ICT Adoption gathers masses in Egypt
Since the Tunisian regime was dethroned last month, Egypt has been on fire. Hundreds of thousands of Egyptian protesters are taking to the streets demanding political change. As in the case of Tunisia, information and communications technology (ICT) tools such as online social networks, blogs, email, SMS and voice services have been used to prepare and organize the protests in Egypt. This led the Egyptian government to ban Facebook and Twitter, followed by a ban on all Internet service for several days (Jan. 27 to Feb. 1).
Ironically, the Egyptian government utilized some of these same ICT tools for their own benefit. Through Vodafone Egypt, in which it has a 36% ownership stake, the government has been sending SMS messages to the Egyptian people. These messages, which have provoked an outcry from some operators, emphasized the benefits of maintaining the political status quo.
This wide and effective use of ICT has been made possible by the development and growth of a competitive market structure in the telecom sector. Egypt enjoys a relatively strong ICT infrastructure, and the sector is far more developed than others in the region. There are three mobile operators providing competitive services at competitive rates. All three provide nationwide coverage, including 3G, covering about 75% of the country’s population. The uptake of cellular services has been impressive, especially for a low-income, price-sensitive economy such as Egypt’s, with cellular penetration reaching 78% by end of 2010.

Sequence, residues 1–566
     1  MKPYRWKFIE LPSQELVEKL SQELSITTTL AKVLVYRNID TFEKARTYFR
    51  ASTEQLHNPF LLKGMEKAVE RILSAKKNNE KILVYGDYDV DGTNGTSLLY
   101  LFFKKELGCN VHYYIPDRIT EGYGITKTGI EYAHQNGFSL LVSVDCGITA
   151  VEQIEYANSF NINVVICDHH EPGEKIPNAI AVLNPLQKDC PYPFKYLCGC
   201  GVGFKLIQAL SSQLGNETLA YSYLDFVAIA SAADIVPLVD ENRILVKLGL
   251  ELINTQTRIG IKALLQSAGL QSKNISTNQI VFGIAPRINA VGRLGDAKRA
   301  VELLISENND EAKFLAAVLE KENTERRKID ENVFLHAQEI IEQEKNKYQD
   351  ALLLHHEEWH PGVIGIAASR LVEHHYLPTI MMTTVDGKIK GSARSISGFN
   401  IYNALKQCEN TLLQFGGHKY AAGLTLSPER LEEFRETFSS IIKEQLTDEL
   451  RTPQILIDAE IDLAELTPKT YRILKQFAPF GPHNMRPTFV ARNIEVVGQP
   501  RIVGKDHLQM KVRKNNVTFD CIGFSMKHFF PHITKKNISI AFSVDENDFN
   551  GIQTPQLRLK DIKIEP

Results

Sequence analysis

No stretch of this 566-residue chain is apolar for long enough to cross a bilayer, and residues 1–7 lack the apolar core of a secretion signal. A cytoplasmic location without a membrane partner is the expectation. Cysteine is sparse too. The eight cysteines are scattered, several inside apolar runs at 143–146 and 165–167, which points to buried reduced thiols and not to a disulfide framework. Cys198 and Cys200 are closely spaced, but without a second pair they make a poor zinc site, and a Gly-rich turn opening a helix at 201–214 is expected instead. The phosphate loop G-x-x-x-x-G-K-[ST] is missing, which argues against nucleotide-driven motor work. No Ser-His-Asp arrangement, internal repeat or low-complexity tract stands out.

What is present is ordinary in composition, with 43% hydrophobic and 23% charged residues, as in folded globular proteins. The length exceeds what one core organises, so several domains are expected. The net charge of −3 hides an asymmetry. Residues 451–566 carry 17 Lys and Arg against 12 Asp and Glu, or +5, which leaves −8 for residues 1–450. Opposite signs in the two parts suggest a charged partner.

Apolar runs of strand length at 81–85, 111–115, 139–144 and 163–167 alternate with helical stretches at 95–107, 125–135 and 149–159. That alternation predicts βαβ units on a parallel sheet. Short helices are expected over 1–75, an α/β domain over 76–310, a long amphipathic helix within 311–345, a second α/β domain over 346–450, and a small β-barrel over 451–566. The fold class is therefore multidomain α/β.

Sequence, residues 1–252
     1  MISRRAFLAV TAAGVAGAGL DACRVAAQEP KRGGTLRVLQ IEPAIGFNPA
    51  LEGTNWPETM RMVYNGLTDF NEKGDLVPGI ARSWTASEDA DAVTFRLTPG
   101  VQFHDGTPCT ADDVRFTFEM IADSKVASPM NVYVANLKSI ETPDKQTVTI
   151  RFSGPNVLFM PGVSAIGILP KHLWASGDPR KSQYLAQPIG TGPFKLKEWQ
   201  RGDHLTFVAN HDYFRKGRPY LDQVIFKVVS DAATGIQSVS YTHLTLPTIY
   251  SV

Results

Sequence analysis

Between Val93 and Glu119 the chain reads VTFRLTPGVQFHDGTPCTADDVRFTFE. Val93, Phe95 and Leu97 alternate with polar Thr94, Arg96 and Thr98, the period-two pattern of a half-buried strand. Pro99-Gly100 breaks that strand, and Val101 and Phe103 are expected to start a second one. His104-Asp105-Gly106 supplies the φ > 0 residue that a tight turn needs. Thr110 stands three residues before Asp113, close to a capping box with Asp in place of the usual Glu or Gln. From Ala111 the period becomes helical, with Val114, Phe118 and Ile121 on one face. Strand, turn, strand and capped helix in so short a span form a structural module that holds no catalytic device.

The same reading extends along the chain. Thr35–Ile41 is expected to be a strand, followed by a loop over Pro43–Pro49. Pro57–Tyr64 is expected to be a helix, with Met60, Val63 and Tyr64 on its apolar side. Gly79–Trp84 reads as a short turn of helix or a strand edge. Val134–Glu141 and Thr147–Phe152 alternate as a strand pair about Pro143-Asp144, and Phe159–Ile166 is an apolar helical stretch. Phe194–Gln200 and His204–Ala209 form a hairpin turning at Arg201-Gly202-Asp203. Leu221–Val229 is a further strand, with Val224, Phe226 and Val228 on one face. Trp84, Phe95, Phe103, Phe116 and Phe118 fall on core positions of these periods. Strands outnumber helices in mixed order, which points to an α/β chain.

The country’s fixed-line network coverage is fair, with around 9.4m fixed-line subscribers in the country (about 11%). ADSL services, which are subsidized by the Egyptian government, are offered at prices lower than US$6 and are the cheapest in the Arab region for the 256Kbps speed. In addition to the low Internet rates, illegal neighborhood networks are ubiquitous in Egypt. Market players estimate that each ADSL connection is shared by an average of four units. This has contributed to increasing Internet and broadband adoption in the country.
Exhibit 2: Mobile and Internet penetration in Egypt, 2008-2015
*with a 15-month contract. Source: Pyramid Research
Pyramid Research estimates that the ban on Internet services in Egypt has directly cost the economy about $5m, and the ban on mobile services for one day has directly cost the economy more than $14m. The indirect costs of the ban on connectivity in Egypt are substantial, as many businesses depending on online presence and cellular services have been affected.
These developments raise several crucial questions for the future of the Egyptian ICT sector:
- What is the upcoming political landscape of the country, and how will it affect the ICT sector?
- Will there be further restrictions in terms of ICT access and usage?
- What about government initiatives to increase ICT adoption and subsidize ICT services? Will these come to a halt, or will future governments include it in their agenda?
- How will these changes affect the operations of current ICT players?
Whatever the outcome of the unrest in Egypt, we expect continued growth in the country’s telecom sector, and social networks, with their need for more and more data usage, will be one of the main drivers of growth.
Source: Pyramid research